A Silent Home is a place where the absence of music exacerbates the stress and pressures of modern life. A home where people live side-by-side but not together. It is a problem that affects more than two thirds of our homes.

Last year, we conducted an experiment to see if listening to music out loud at home could affect relationships. We showed that homes filled with music were happier, closer, more loving.

So, with such powerful benefits, why aren’t we all listening to more music together? Why isn’t every home filled with music?

We spoke to some of the world’s foremost experts across diverse fields from psychology to media, design to architecture, as well as 9,000 real homes to help us understand what is bringing silence into our homes.

The Adult Fade

When we’re young, music is everything. It brings meaning to the chaos of our every moment. It defines us until work, bills, the pressures of life, and the ever-presence of technology take over and music gets squeezed to the margins.

Almost all the technological solutions that were supposed to make music better had the unintended consequence of making it worse. We work late, caught up in an endless cycle of busyness, and when we’re not doing that we’re immersed in our devices.

Utilitarian Home Life

Our precious time is being squeezed to its limit. 58% say it’s hard to find time to finish all their daily commitments and four fifths said they would like to spend more time doing activities in-person with their family and friends.

Acute Hyper-Scheduling

Our days are filled with work and social commitments. The result is a feeling of constant busyness. We value any moment by its usefulness in pursuit of some future goal. Yet when it arrives, we instantly re-focus on the goal that still lies ahead. We’re missing out on life in a fundamental way.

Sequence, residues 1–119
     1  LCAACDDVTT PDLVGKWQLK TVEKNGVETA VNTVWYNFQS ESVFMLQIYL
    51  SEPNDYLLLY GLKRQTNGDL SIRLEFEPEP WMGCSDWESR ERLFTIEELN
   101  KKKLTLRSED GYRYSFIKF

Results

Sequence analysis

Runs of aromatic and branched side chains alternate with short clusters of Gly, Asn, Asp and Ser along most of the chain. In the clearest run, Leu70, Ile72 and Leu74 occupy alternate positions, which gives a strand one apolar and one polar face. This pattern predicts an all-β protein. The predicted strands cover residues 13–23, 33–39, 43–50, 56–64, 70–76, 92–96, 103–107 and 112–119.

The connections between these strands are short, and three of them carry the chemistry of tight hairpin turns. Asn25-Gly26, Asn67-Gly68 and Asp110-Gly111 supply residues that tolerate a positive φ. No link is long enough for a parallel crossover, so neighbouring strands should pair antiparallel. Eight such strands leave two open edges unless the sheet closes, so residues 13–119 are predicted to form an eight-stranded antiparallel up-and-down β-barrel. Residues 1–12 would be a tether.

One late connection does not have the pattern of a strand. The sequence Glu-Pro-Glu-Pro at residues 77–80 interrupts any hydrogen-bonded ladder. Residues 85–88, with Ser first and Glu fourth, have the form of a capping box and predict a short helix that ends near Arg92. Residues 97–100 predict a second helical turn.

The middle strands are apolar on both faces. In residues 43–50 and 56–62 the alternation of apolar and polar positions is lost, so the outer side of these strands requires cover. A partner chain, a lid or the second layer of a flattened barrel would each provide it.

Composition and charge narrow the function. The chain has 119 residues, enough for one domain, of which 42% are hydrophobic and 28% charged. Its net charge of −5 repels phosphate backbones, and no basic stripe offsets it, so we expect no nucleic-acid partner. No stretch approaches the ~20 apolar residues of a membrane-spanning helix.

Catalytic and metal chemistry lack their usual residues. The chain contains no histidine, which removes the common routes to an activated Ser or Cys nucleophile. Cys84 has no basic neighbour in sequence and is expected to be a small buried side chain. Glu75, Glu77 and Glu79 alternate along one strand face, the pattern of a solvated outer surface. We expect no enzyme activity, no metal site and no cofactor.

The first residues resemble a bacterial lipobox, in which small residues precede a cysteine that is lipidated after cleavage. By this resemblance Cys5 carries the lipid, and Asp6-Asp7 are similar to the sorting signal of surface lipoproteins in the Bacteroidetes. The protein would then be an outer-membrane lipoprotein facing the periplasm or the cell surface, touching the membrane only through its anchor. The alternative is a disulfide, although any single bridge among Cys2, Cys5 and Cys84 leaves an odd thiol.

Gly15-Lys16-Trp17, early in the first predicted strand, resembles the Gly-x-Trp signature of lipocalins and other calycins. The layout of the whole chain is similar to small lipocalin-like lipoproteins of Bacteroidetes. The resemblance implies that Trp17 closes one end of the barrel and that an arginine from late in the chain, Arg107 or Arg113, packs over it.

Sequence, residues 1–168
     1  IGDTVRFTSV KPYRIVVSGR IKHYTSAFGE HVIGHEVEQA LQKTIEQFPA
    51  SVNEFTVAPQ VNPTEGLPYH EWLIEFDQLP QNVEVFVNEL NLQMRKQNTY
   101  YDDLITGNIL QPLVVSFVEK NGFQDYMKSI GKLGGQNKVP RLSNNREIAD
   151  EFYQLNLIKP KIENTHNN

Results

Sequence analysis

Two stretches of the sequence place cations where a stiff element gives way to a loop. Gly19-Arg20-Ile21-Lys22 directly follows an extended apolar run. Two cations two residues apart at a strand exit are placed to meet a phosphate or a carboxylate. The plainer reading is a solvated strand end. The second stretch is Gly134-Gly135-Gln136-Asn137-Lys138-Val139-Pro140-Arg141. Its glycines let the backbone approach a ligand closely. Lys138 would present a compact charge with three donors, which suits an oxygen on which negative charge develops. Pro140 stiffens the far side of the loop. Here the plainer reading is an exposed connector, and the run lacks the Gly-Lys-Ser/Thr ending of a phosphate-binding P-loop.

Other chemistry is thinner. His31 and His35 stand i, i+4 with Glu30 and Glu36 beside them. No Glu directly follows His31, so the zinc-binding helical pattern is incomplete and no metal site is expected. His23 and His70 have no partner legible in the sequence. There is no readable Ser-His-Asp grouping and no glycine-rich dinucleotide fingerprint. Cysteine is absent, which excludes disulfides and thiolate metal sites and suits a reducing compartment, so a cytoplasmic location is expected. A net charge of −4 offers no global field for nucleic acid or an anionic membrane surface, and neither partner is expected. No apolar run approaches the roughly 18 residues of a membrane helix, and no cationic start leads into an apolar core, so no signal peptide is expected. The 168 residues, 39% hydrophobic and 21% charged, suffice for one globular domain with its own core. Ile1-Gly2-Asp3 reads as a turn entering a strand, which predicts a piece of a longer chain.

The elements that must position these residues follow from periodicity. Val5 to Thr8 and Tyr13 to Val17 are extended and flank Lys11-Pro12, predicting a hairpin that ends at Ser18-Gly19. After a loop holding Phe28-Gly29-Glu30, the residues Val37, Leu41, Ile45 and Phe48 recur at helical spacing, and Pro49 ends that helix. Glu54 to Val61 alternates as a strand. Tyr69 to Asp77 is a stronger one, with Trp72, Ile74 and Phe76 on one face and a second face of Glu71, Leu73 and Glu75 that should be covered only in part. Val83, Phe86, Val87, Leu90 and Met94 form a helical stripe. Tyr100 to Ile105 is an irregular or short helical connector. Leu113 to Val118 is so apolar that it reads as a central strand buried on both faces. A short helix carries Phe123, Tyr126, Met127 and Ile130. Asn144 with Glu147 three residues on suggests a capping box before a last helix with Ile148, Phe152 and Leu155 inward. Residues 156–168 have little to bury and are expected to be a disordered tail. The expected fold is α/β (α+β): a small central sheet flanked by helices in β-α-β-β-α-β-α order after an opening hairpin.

Screen-Induced Isolation

Families are more connected with the digital world than ever, but are becoming increasingly disconnected from each other. Almost 50% of households spend more time interacting with personal technology at home than with each other. 62% said more of their social interactions are in the digital world.

The 24/7 Work Week

9-to-5 has become 24/7 and we are feeling the pressure – with 58% yearning for a better work/life balance. It’s no surprise to hear that more than seven in ten Americans sleep with or next to their phones and the impact on our life at home is obvious.

Antisocial Listening

Today’s homes were designed to promote connection, with open-floor plans to invite family togetherness and interaction. In reality, an open home’s inherent noise levels often lead us to crave personal space. So, we retreat: 44% of us end up listening alone or on headphones and cutting everyone else off.

Sound Systems on Steroids

Component stereos sound great, but they’re complicated and trap music in the one room. Home cinema is similarly complex, and it doesn’t work for music because the sound is over-optimised for special effects.

The Compromise of Convenience

TV and laptop speakers, Bluetooth and portables all seem easier, but they just don’t offer the thrill of a great sound system – and then there’s all the drop-outs and interruptions too.

It’s time to reconnect, shake off the shackles of our over-stuffed schedules and reclaim the time that is ours. It is critical we invite music back into every corner of our lives.

In the coming weeks and months, you will see us doing a lot more to wake up The Silent Home…

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